Saturday, October 10, 2015

Jack Kennedy didn't run on his Catholic faith, but on running away from it

Friend of the blog Prof. "JMS" recently questioned POTUS candidate Dr. Ben Carson over his remark that

TODD: Should a president's faith matter? Should your faith matter to voters?
Dr. BEN CARSON: Well, I guess it depends on what that faith is. If it's inconsistent with the values and principles of America, then of course it should matter. But if it fits within the realm of America and consistent with the Constitution, no problem.
CHUCK TODD: So do you believe that Islam is consistent with the Constitution?
DR. BEN CARSON: No, I don't, I do not.
CHUCK TODD: So you--
DR. BEN CARSON: I would not advocate that we put a Muslim in charge of this nation. I absolutely would not agree with that.
Well, of course that depends on what we mean by "Muslim," just as in 1960 when Jack Kennedy was running, what we mean by "Catholic." In a famous face-down with 400 years of a great American tradition of anti-Catholicism, and now face-to-face with some 300 skeptical Protestant preachers, Kennedy affirmed he wouldn't let his church get in the way of the American state, and on that level, the literal separation of church and state is hardly controversial.

But the separation of religion and politics is not synonymous with separating "church and state."

Which brings us to Denver [now Philadelphia] Archbishop Charles J. Chaput's 2010 remarks on JFK's electoral tactic some 50 years before:

After offering caveats about his remarks, Archbishop Chaput emphasized the need for ecumenism and dialogue based on truth as opposed to superficial niceties. He then remarked, “We also urgently owe each other solidarity and support in dealing with a culture that increasingly derides religious faith in general and the Christian faith in particular.”
During his talk, the archbishop noted that there are currently “more Catholics in national public office” than there ever have been in American history.
“But,” he continued, “I wonder if we’ve ever had fewer of them who can coherently explain how their faith informs their work, or who even feel obligated to try. The life of our country is no more 'Catholic' or 'Christian' than it was 100 years ago. In fact it's arguably less so.”
One of the reasons why this problem exists, he explained, is that too many Christian individuals, Protestant and Catholic alike, live their faith as if it were “private idiosyncrasy” which they try to prevent from becoming a “public nuisance.”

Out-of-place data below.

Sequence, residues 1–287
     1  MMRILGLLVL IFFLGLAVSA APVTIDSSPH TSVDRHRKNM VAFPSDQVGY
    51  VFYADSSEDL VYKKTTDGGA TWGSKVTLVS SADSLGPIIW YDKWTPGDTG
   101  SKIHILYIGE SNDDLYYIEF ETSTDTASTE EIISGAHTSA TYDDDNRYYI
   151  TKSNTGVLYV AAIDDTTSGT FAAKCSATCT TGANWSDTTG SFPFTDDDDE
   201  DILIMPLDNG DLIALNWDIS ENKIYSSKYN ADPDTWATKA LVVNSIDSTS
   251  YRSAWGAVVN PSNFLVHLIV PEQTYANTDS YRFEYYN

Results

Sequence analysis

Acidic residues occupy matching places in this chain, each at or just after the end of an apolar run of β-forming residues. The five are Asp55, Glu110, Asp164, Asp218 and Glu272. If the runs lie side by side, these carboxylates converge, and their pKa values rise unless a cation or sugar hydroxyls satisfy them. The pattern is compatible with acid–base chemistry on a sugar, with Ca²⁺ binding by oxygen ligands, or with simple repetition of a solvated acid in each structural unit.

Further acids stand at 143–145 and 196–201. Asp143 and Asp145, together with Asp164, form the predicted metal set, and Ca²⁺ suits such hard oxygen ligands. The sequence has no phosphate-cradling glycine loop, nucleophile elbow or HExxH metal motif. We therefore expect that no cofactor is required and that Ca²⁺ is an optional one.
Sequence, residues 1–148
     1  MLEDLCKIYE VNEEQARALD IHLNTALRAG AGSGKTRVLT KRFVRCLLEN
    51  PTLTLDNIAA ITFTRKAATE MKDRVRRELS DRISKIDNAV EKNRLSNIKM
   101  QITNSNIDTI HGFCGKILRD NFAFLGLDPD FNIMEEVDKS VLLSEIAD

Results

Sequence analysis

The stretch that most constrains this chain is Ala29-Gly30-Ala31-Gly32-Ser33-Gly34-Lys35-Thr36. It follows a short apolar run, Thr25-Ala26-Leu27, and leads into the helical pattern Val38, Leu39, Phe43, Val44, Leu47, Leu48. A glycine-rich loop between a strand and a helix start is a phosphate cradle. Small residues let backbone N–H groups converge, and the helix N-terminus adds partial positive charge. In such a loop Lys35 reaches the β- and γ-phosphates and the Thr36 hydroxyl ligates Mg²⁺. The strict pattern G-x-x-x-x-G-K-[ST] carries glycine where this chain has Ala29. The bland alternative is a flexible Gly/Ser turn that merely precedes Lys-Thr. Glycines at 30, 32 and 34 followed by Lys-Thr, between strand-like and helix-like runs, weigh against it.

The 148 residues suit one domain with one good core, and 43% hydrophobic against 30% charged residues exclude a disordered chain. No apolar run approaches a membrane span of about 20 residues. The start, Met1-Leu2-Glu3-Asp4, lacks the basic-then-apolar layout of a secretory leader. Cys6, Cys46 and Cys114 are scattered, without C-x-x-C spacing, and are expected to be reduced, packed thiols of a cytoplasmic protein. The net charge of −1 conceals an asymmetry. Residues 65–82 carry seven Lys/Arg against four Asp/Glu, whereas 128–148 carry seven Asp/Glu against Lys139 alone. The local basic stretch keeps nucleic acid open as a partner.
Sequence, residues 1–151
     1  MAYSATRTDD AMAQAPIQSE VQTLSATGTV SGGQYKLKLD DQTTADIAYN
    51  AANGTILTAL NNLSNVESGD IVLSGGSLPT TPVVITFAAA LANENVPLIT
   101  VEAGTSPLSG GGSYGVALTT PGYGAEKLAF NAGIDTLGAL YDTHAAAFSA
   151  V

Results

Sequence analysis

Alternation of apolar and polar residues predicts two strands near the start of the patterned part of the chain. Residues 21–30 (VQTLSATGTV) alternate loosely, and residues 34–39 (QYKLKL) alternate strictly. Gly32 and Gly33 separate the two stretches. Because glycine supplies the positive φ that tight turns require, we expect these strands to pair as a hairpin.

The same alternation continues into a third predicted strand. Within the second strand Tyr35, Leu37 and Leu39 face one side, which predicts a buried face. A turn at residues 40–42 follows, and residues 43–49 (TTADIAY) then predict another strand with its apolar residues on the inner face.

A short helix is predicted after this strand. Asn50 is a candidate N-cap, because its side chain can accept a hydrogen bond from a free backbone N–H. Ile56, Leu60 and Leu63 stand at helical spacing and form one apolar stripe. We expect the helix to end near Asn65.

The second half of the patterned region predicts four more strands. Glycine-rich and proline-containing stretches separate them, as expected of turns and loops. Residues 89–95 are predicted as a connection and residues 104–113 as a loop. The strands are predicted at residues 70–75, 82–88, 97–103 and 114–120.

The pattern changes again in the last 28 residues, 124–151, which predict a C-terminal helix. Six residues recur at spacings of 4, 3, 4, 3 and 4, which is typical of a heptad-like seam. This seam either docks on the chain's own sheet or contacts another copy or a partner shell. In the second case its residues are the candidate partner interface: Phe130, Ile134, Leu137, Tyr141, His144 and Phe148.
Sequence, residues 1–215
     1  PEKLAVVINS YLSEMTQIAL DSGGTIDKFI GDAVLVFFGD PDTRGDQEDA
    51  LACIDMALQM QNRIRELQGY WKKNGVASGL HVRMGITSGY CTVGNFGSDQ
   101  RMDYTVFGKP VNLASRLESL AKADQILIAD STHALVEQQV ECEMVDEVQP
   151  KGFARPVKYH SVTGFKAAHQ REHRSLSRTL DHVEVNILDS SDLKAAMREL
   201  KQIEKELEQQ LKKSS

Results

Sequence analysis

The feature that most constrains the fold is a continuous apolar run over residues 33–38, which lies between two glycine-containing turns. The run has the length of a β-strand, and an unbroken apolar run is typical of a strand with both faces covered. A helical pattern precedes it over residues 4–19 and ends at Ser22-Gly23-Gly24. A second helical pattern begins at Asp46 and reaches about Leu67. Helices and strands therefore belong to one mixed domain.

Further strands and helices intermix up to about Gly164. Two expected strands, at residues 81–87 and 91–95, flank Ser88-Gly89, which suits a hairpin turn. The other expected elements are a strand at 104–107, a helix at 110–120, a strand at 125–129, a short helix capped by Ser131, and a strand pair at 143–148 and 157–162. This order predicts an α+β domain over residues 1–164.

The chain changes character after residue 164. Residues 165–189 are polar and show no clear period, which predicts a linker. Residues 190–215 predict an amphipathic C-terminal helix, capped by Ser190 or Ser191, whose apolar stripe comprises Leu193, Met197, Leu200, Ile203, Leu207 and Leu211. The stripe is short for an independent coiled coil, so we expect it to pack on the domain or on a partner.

Recounting the historical context that led to the current state of affairs, Archbishop Chaput referred to a speech that the late John F. Kennedy made while running for president in 1960 which greatly affected the modern relationship between religion and American politics. At his speech almost fifty years ago, President Kennedy had the arduous task of convincing 300 uneasy Protestant ministers in a Houston address that his Catholic faith would not impede his ability to lead the country. Successful in his attempt, “Kennedy convinced the country, if not the ministers, and went on to be elected,” he recalled.
“And his speech left a lasting mark on American politics,” the prelate added.
“It was sincere, compelling, articulate – and wrong. Not wrong about the patriotism of Catholics, but wrong about American history and very wrong about the role of religious faith in our nation’s life.”
“And he wasn’t merely 'wrong,'” the archbishop continued. “His Houston remarks profoundly undermined the place not just of Catholics, but of all religious believers, in America’s public life and political conversation. Today, half a century later, we’re paying for the damage.”
“To his credit,” he noted, “Kennedy said that if his duties as President should 'ever require me to violate my conscience or violate the national interest, I would resign the office.' He also warned that he would not 'disavow my views or my church in order to win this election.'”
“But in its effect, the Houston speech did exactly that. It began the project of walling religion away from the process of governance in a new and aggressive way. It also divided a person’s private beliefs from his or her public duties. And it set 'the national interest' over and against 'outside religious pressures or dictates.'”
Archbishop Chaput then clarified that although “John Kennedy didn’t create the trends in American life that I’ve described,” his speech “clearly fed them.”